the little that Magda was able to earn was
barely sufficient to keep the wolf from the
door, as the saying goes; while to make matters
worse, the winter was a very severe one. When
rent-day came round the poor woman had not
sufficient money to meet the demands of the
landlord, and she had every reason to fear that
he would grant her no indulgence. Everything
that could be sold had been disposed of, and the
old woman began to grumble and grieve in a
manner which greatly harassed poor Magda.
Tauzer, as usual at this season of the year, was
very busy, and so great was the demand for his
famous mugs and jars that all his hands, includ-
ing Magda, were kept hard at work at all hours.
Magda was delighted at this, and she turned out
her portion in the very best style--she thought
that as the money she would get for her work
would be a pleasure to her, so should her work
be a pleasure to those who bought it. By
working hard she felt she could earn the
quarter's rent, and what a welcome Christmas
present that would be for her mother! But to
do this she would have to cease attending school
during the mornings. She felt sure the teacher


would readily excuse her if she explained all
the circumstances, more especially as she had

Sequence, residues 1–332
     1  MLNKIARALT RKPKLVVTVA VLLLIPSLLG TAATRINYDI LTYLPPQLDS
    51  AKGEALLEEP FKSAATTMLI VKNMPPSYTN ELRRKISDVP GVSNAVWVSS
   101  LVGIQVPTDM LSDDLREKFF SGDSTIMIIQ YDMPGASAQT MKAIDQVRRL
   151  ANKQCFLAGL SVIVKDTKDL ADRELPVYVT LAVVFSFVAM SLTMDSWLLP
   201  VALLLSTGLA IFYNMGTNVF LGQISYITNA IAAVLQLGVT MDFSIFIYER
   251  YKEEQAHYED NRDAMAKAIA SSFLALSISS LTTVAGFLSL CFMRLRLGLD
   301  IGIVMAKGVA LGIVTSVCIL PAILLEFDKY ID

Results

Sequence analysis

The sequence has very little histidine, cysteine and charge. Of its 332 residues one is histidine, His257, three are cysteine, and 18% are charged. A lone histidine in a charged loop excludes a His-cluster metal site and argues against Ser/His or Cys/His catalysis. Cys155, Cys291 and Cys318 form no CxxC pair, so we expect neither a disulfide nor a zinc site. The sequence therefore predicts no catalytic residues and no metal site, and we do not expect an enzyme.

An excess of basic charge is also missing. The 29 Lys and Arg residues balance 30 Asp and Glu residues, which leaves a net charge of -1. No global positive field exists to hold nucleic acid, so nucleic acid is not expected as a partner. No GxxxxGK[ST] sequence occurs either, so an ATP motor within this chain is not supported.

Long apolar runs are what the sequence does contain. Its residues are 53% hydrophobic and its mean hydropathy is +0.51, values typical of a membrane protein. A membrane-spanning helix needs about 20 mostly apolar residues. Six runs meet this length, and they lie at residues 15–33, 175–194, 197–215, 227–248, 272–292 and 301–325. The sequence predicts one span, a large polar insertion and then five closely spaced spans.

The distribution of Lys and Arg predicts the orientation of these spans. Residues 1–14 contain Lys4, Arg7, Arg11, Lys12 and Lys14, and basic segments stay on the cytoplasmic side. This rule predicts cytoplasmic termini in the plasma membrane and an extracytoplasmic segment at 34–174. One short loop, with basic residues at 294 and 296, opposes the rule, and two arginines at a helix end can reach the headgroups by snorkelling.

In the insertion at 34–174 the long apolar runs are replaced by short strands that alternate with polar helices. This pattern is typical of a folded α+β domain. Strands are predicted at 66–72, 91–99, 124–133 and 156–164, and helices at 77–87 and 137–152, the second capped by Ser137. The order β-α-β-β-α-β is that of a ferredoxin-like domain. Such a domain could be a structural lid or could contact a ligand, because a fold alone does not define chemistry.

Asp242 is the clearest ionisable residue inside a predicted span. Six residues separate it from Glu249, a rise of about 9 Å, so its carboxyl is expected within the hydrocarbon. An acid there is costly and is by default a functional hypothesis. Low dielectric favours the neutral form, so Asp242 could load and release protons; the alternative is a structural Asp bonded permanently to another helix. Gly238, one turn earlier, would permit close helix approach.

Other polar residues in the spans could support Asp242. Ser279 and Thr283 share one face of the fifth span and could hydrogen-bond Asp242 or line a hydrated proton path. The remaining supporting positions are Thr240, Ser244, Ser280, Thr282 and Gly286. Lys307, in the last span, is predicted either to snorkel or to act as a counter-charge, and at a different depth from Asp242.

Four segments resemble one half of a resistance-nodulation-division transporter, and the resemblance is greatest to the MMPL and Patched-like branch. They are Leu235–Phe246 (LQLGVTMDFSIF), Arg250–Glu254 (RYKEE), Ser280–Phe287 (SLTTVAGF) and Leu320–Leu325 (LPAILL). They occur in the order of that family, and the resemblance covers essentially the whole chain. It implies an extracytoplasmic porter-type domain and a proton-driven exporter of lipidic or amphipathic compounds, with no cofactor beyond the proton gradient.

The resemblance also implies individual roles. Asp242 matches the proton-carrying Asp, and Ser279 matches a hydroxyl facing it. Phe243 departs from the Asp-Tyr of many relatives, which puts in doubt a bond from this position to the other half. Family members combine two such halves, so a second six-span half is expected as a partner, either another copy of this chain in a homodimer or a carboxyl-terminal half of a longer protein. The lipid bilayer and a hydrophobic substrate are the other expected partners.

only hitherto absented herself when she could
not possibly leave her mother. But she very
foolishly began to stay from school without first
consulting the master. First for a day or two,
and then for another day or two, did she remain
away, without giving any reason for her absence;
and by and by she forgot the necessity and
importance of doing so at all. If she did happen
to think of it, she calmed her conscience by
-aying to herself, "Oh, I will be able to explain
it all better afterwards." Whether she was
right or wrong in thus procrastinating, we shall
very soon discover.

L.' -



S0WO days before Christmas, Tauzer the
*.. potter had completed all the orders lie
J had in hands, and Magda's work, there-
fore, came to an end for the season; but she was
not to receive her wages till Christmas eve, when
the master had invited her and some others of
the workers to a party at his house.
Now it so happened, that the best behaved and
most diligent scholars of the free school were
also invited to a party in the school-house on the
evening before Christmas-eve, where, in addition
to a substantial meal, they also received pretty
presents. The wealthy people of the town
contributed towards the expenses of this en-
tertainment, and most of them were generally